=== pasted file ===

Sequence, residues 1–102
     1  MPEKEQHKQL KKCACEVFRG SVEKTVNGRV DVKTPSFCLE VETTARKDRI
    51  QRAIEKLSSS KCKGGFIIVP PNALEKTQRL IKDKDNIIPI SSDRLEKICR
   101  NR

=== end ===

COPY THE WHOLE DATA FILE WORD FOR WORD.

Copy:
Sequence, residues 1–102
     1  MPEKEQHKQL KKCACEVFRG SVEKTVNGRV DVKTPSFCLE VETTARKDRI
    51  QRAIEKLSSS KCKGGFIIVP PNALEKTQRL IKDKDNIIPI SSDRLEKICR
   101  NR